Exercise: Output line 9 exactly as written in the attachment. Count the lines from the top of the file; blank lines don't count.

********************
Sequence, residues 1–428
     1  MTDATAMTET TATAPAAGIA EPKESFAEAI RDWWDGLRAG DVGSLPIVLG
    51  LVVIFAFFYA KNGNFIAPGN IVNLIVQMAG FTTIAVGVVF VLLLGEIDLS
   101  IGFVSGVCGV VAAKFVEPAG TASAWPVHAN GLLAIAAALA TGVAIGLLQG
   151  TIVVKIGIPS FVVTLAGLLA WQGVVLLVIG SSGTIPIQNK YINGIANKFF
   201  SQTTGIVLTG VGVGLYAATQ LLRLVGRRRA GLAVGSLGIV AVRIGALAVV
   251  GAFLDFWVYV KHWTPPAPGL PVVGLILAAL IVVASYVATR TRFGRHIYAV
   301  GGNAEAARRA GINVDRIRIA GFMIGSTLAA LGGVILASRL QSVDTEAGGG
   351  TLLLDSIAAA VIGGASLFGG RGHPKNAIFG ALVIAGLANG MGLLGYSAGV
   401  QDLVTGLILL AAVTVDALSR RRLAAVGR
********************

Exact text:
   351  TLLLDSIAAA VIGGASLFGG RGHPKNAIFG ALVIAGLANG MGLLGYSAGV